One of the primary strategies for protecting real estate for long-term care and Medicaid purposes involves a special kind of deed converting the real estate to a non-countable asset while also making it non-recoverable from the Medicaid estate recovery laws. Although generally used for Medicaid planning, I often inform clients that, in the event they never need long-term care or to apply for Medicaid, the deed provides a multitude of other benefits including general asset protection and probate avoidance. While changing the character of real estate ownership does not exempt the property from the claims of creditors, it can make it exceedingly difficult for unsecured creditors. For example, there is currently no statutory mechanism for an Executor or Administrator to use real estate that passes via operation of law to pay claims against the estate. Creating multiple roadblocks is just as important to creating dead ends when it comes to asset protection. However, as I alluded to in part 1, many strategies come with more negative consequences than benefits. In this case, conveying an undivided interest in real property to third parties, even adult children, presents problems for a future sale or borrowing against the property as the consent of all owners and their spouses becomes required. Additionally, this strategy is generally only effective against hindering unsecured creditors. Secured creditors, including judgement creditors, are unaffected by deed work. Furthermore, asset protection deeds can sometimes be counterproductive if joint tenants are added who themselves are susceptible to future claims or judgments.
Next, certain types of trusts can protect the assets of the settlor (i.e. creator of the trust). North Carolina does not recognize asset protection trusts as some states do and it is unclear how effective an asset protection trust created by an NC resident under the laws of another state would be in protecting NC property and claims of NC creditors. Additionally, N.C.G.S. § 36C-5-505 provides that property in a revocable trust is subject to the claims against the settlor and, if the trust is irrevocable, a creditor of the settlor can reach the maximum amount that can be distributed for the settlor’s benefit.
Nevertheless, although drastic, this does not prevent North Carolinians from creating a trust to protect their assets by foregoing any beneficial interest in the trust assets. A settlor can create a trust that specifically provides the settlor, their estate and the creditors of their estate are not, and cannot be made, a beneficiary. Accordingly, clients must understand that they will not have access to the assets placed in a trust for effective asset protection in NC. This is usually a hard sale especially for younger clients, but there are ways to make it work. First, there is no prohibition against the settlor serving as a fiduciary of a trust of which they have no beneficial interest, although it is wise to have provisions for an independent trustee to step in under certain circumstances. Therefore, the settlor can still control investment decisions and discretionary distributions to beneficiaries. Additionally, a settlor can retain a limited power of appointment whereby the can change the beneficiary so long as the settlor, their estate or the creditors of their estate not be made beneficiary. The importance of this device is leverage. If the settlor is not a beneficiary and cannot be a beneficiary, in a catastrophic situation, the settlor may be relying on a beneficiary to return a distribution from the trust to the settlor when there is no legal obligation for such beneficiary to do so. Therefore, a limited power of appointment creates leverage to indirectly access the trust assets in certain circumstances. It should be noted that a settlor who is the trustee or retains a limited power of appointment over an irrevocable trust, even if they are not the beneficiary, does not remove the trust assets from the taxable estate of the settlor because such rights are viewed by the IRS as “incidents of ownership.” Another key element to making this type of trust work for a client is that a trust can always pay the expenses of the trust including the expenses of the property the trust owns. Therefore, the trust can pay the insurance, taxes, and general maintenance associated with real estate it owns which can relieve the settlor of many expenses they would ordinarily be personally obligated.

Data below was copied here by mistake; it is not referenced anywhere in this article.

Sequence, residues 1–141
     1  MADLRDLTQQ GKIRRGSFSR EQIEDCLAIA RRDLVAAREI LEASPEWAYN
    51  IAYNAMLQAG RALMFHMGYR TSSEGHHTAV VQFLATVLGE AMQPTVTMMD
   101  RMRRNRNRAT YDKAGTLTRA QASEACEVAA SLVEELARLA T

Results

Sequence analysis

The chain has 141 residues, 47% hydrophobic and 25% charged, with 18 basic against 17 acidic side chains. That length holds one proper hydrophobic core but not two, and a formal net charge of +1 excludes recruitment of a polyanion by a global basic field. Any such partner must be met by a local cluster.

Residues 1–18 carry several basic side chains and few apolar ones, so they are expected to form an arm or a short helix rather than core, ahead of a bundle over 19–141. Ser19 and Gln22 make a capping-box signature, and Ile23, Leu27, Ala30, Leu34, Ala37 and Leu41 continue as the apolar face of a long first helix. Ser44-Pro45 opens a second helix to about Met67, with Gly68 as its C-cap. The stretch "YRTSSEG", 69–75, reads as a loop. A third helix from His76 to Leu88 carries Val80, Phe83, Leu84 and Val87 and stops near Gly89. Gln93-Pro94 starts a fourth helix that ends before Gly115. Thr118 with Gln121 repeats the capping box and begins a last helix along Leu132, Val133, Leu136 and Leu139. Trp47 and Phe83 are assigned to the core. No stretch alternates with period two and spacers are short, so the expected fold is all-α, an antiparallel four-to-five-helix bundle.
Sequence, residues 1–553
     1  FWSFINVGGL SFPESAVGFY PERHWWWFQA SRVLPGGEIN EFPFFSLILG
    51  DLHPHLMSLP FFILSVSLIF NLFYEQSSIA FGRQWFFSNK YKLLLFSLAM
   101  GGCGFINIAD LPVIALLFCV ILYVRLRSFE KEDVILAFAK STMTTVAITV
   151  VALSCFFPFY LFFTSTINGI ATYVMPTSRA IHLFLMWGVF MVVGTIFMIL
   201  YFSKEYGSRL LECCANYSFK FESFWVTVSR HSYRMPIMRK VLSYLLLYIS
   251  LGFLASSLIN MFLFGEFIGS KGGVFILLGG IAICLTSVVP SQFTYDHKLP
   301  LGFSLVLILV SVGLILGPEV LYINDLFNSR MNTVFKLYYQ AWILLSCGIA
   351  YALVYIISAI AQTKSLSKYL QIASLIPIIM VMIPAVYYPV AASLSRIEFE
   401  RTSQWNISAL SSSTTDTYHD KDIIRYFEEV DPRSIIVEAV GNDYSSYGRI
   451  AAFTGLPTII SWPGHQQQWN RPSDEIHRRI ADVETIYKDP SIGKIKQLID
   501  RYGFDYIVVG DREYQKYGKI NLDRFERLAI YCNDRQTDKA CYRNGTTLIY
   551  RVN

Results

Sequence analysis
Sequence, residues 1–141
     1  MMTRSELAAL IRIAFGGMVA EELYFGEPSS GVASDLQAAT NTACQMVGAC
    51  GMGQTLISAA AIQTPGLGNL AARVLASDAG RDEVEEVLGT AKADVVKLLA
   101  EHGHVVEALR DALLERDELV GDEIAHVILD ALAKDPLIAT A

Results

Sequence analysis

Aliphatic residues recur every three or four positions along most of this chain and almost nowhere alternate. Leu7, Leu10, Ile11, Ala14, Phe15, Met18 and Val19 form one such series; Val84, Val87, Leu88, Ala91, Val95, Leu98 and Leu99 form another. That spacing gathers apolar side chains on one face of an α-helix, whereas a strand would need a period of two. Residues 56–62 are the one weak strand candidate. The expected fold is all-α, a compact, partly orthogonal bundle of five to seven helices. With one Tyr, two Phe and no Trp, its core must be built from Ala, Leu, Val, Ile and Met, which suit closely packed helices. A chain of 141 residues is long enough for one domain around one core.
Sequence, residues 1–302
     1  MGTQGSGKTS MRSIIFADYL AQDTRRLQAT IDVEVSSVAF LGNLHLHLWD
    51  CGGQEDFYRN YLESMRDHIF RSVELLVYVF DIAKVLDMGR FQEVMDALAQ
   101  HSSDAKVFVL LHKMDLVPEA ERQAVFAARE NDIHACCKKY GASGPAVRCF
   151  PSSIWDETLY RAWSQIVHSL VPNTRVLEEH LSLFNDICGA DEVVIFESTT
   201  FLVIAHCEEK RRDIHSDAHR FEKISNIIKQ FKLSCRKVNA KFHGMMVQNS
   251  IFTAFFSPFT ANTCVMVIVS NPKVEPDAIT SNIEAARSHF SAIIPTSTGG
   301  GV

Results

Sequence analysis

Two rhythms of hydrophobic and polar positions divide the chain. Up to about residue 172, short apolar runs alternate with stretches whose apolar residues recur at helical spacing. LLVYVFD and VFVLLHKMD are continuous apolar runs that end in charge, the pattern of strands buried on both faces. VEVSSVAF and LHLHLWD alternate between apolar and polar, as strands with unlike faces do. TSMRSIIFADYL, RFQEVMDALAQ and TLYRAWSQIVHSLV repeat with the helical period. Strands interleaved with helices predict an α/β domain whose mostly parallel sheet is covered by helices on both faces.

Lastly, it should also be noted that while protecting assets for clients is extremely difficult in North Carolina, protecting assets for their heirs can be much easier. Chapter 36C, Article 5, of the North Carolina General Statutes does recognize spendthrift provisions as well as discretionary and protective trusts as it pertains to non-settlors. Accordingly, if a client establishes a revocable living trust, although it provides no protection from their creditors, it can provide immense protection for their heirs when it becomes irrevocable at the death of the client settlor. A well drafted spendthrift provision can be a near full proof plan for potential heirs who may be in bankruptcy, a divorce proceeding, receiving governmental benefits or otherwise dealing with creditor issues at the time their Mom, Dad or other benefactor passes away leaving the heir an inheritance.
One final caveat, however, is that asset protection is rarely an impenetrable shield due to the Uniform Voidable Transactions Act codified in North Carolina in Chapter 39, Article 3A. In other words, creditors, even future creditors, can always assert that transfers to trusts or otherwise are voidable if they can show an intent to hinder, delay, or defraud the creditor. When asset protection is combined with an overall estate plan containing other estate planning purposes and established well in advance of any potential claims or creditors, it is much more likely to be effective.